African-Americans willing to shoulder higher cigarette taxes

April 29, 2003

A nationally dispersed study of 1,000 African-Americans indicates substantial support for increasing excise taxes on cigarettes, according to a Penn State study.

"Forty-seven percent of respondents stated that taxes on tobacco products should be increased, compared to 30 percent who believed that they should be reduced," says Dr. Gary King, associate professor of biobehavioral health. "Almost 75 percent disagreed that raising taxes on tobacco products is unfair to African-Americans, and 57.9 percent reported that they would not be opposed to increasing taxed on cigarettes even if low-income smokers would be hit the hardest."

Younger Blacks and those at higher educational levels were more inclined to support higher taxes on cigarettes, as well as Blacks who were nonsmokers (55.4 percent) and former smokers (48.1 percent), King notes. Almost 20 percent of African American smokers (18.5 percent) agreed that cigarette taxes should be raised.

Blacks have good reason to cut tobacco consumption through taxation since Blacks suffer more than Whites from the ill effects of cigarette smoking, including higher rates of cancer and other smoking-related diseases. "Studies have shown that increasing excise taxes on cigarettes decreases smoking prevalence rates and can generate revenue for tobacco cessation and prevention programs," says King.

King is co-author of the article, "African Americans' Attitudes Toward Cigarette Excise Taxes," scheduled to appear in the May issue of the American Journal of Public Health. His co-authors are: Dr. Lynn T. Kozlowski, chair of the biobehavioral health program at Penn State; Robyn K. Mallett, Penn State graduate student in psychology; and Dr. Robert B. Bendel, with the College of Nursing at Washington State University in Spokane.

The researchers interviewed a stratified cluster sample of approximately 1,000 African Americans in 10 U.S. congressional districts represented by African Americans, with one in five of the study participants being themselves smokers.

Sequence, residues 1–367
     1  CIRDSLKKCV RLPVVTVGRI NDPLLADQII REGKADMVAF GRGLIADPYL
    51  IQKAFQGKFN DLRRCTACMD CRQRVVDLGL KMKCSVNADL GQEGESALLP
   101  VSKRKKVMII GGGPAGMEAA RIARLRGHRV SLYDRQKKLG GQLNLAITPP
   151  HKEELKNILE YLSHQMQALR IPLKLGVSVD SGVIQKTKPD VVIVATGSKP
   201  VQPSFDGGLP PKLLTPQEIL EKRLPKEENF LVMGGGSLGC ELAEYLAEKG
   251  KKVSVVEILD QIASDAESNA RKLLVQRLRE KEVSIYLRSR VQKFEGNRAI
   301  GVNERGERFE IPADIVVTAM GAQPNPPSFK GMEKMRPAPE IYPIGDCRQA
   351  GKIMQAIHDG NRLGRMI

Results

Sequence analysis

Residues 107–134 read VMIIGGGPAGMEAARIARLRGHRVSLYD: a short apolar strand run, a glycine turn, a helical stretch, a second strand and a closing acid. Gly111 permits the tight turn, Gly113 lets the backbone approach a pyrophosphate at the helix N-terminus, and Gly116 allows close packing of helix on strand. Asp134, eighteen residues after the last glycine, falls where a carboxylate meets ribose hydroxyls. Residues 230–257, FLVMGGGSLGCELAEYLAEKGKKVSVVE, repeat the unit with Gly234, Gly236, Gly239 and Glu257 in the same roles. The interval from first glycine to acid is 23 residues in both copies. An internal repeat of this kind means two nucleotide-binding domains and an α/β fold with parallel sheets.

The results of this study may be valuable in promoting tobacco control efforts, including the enactment of anti-tobacco laws," King says. "They may also promote greater diversity in antismoking coalitions, development of alliances involving African American political and civic organizations and a broader understanding of African Americans' opinions regarding tobacco control policies." According to King, this study makes it more difficult for the tobacco industry or advocates to argue that African Americans are opposed to increasing taxes on cigarettes.
-end-
This research was funded by a grant from the Robert Wood Johnson Foundation Substance Abuse Policy Research Program.

Penn State

Related Smoking Articles from Brightsurf:

Smoking rates falling in adults, but stroke survivors' smoking rates remain steady
While the rate of Americans who smoke tobacco has fallen steadily over the last two decades, the rate of stroke survivors who smoke has not changed significantly.

What is your risk from smoking? Your network knows!
A new study from researchers at Penn's Annenberg School for Communication found that most people, smokers and non-smokers alike, were nowhere near accurate in their answers to questions about smoking's health effects.

Want to quit smoking? Partner up
Kicking the habit works best in pairs. That's the main message of a study presented today at EuroPrevent 2019, a scientific congress of the European Society of Cardiology (ESC).

Smoking and mortality in Asia
In this analysis of data from 20 studies conducted in China, Japan, South Korea, Singapore, Taiwan and India with more than 1 million participants, deaths associated with smoking continued to increase among men in Asia grouped by the years in which they were born.

Predictors of successfully quitting smoking among smokers registered at the quit smoking clinic at a public hospital in northeastern Malaysia
In the current issue of Family Medicine and Community Health, Nur Izzati Mohammad et al. consider how cigarette smoking is one of the risk factors leading to noncommunicable diseases such as cardiovascular and respiratory system diseases and cancer.

Restaurant and bar smoking bans do reduce smoking, especially among the highly educated
Smoking risk drops significantly in college graduates when they live near areas that have completely banned smoking in bars and restaurants, according to a new study in the American Journal of Epidemiology.

How the UK smoking ban increased wellbeing
Married women with children reported the largest increase in well-being following the smoking bans in the UK in 2006 and 2007 but there was no comparable increase for married men with children.

Smoking study personalizes treatment
A simple blood test is allowing Vanderbilt University Medical Center (VUMC) researchers to determine which patients should be prescribed varenicline (Chantix) to stop smoking and which patients could do just as well, and avoid side effects, by using a nicotine patch.

A biophysical smoking gun
While much about Alzheimer's disease remains a mystery, scientists do know that part of the disease's progression involves a normal protein called tau, aggregating to form ropelike inclusions within brain cells that eventually strangle the neurons.

A case where smoking helped
A mutation in the hemoglobin of a young woman in Germany was found to cause her mild anemia.

Read More: Smoking News and Smoking Current Events
Brightsurf.com is a participant in the Amazon Services LLC Associates Program, an affiliate advertising program designed to provide a means for sites to earn advertising fees by advertising and linking to Amazon.com.